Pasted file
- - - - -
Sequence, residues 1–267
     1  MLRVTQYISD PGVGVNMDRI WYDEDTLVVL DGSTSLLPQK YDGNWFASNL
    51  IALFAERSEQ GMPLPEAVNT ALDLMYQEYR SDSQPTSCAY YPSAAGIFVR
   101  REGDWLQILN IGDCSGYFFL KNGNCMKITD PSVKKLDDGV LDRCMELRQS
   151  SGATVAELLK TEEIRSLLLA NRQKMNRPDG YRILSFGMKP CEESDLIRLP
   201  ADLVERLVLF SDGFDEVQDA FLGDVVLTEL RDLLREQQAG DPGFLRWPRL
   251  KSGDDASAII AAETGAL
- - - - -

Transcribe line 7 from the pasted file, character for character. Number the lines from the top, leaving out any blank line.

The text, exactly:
   251  KSGDDASAII AAETGAL